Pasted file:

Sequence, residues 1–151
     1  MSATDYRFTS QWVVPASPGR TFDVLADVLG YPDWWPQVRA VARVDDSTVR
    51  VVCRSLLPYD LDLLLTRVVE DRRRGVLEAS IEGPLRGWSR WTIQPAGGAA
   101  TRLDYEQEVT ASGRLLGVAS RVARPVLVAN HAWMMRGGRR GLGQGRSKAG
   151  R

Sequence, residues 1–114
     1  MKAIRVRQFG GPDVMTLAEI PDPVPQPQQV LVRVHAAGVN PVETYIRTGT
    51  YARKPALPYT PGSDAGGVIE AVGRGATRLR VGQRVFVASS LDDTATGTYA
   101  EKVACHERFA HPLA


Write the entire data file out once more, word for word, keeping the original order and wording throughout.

Sequence, residues 1–151
     1  MSATDYRFTS QWVVPASPGR TFDVLADVLG YPDWWPQVRA VARVDDSTVR
    51  VVCRSLLPYD LDLLLTRVVE DRRRGVLEAS IEGPLRGWSR WTIQPAGGAA
   101  TRLDYEQEVT ASGRLLGVAS RVARPVLVAN HAWMMRGGRR GLGQGRSKAG
   151  R

Sequence, residues 1–114
     1  MKAIRVRQFG GPDVMTLAEI PDPVPQPQQV LVRVHAAGVN PVETYIRTGT
    51  YARKPALPYT PGSDAGGVIE AVGRGATRLR VGQRVFVASS LDDTATGTYA
   101  EKVACHERFA HPLA